Since the hypoglycemia itself also influence the results of CAN, we reviewed medical records of all participants for find hypoglycemic attacks. Five patients experienced hypoglycemia during the last month previous to CAN tests. However, hypoglycemic events were infrequently developed (< 2 episodes). In addition, all patients experiencing hypoglycemia were classified as group of absence of CAN. Therefore, we think that the possibility of affecting the results of CAN of hypoglycemic attack in this study is remote.
Several limitations of our study should be addressed. First, due to the cross-sectional design, we cannot determine the causative relationship between adiponectin and CAN complications. Prospective studies are required to address this important question. Second, because our study population included individuals who received the autonomic function test, some characteristics of the present study population may be substantially different from other populations that did not perform complication study. Therefore, the generalizability of our study may be limited. Third, the present study included a small numbers of subjects. A larger number of patients should be analyzed for the confirmation of our results. However, our study is meaningful in that this is the first study in Korean T2DM patients for the evaluation of several adipocytokines and CAN. Moreover, to our knowledge, none of the previously published studies investigated the relationship of adipocytokines with HRV parameters in Korean T2DM.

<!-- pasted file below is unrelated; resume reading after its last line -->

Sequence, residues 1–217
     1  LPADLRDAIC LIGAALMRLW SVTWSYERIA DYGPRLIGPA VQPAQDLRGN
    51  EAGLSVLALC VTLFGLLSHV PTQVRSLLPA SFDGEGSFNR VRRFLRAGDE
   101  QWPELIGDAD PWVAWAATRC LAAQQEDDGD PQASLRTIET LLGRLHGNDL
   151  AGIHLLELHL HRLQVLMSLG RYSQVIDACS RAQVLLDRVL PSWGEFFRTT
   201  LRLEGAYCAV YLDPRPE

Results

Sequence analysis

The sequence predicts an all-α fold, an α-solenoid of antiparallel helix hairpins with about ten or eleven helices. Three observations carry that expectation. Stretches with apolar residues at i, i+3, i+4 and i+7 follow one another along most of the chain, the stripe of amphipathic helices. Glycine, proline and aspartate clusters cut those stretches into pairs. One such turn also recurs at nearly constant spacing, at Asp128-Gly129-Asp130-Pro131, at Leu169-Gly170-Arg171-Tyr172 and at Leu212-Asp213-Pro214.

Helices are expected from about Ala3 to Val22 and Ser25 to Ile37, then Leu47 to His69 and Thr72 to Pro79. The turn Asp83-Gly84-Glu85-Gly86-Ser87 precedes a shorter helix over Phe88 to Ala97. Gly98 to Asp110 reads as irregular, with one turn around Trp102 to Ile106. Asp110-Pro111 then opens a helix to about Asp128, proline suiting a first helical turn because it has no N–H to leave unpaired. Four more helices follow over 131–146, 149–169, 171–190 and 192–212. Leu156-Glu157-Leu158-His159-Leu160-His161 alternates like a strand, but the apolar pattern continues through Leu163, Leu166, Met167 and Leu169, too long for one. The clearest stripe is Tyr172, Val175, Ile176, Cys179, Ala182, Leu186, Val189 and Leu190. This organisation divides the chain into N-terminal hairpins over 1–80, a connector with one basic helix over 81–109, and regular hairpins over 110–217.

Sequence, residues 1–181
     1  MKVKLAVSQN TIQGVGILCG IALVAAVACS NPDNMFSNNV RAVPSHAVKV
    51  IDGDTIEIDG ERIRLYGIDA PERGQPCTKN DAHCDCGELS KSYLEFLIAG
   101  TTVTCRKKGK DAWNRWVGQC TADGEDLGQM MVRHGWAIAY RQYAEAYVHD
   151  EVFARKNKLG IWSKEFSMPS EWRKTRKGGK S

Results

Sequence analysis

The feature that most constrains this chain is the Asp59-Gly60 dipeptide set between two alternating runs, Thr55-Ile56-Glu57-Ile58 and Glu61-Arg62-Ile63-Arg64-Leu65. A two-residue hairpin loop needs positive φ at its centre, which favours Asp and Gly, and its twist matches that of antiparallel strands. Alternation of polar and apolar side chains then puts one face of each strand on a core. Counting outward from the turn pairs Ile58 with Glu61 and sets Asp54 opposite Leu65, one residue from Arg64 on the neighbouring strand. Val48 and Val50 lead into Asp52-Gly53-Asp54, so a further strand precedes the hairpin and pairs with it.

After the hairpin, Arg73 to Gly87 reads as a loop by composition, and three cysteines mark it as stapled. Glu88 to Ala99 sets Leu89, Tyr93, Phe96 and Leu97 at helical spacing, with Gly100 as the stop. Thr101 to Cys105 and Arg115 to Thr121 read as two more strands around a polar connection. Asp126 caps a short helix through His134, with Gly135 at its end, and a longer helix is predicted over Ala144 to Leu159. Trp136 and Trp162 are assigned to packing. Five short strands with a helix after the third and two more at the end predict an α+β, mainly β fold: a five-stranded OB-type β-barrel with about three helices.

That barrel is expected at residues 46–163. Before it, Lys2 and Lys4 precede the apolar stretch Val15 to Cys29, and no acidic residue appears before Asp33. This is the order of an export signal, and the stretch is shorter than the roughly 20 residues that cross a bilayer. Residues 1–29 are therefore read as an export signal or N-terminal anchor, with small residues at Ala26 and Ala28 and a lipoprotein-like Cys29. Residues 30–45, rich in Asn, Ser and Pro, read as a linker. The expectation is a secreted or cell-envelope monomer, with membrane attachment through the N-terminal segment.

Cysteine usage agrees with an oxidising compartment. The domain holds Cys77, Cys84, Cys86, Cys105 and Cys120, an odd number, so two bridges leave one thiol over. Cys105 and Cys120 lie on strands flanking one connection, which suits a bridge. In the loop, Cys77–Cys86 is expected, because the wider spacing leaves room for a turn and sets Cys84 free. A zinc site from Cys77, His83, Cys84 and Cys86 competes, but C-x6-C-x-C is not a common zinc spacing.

In conclusion, the higher serum adiponectin levels were associated with an increased risk for the presence of CAN. Longer duration of diabetes and higher insulin resistance were independently associated with the presence of CAN in Korean T2DM patients. Serum adipocytokines such as leptin and TNF-α were significantly correlated with parameters of HRV, representative markers of CAN. Future prospective studies with larger numbers of patients are required to establish a direct relationship between plasma adipocytokine concentrations and the development or severity of CAN.
cardiac autonomic neuropathy
type 2 diabetes mellitus
- TNF- α:
tumor necrosis factor- α
heart rate variability
standard deviation of normal-to-normal RR intervals
square root of the mean of the squares of differences between successive RR intervals
homeostasis model assessment-insulin resistance
sympathetic nervous system
autonomic function test
parasympathetic nervous system
pulse wave velocity
angiotensin converting enzyme
body mass index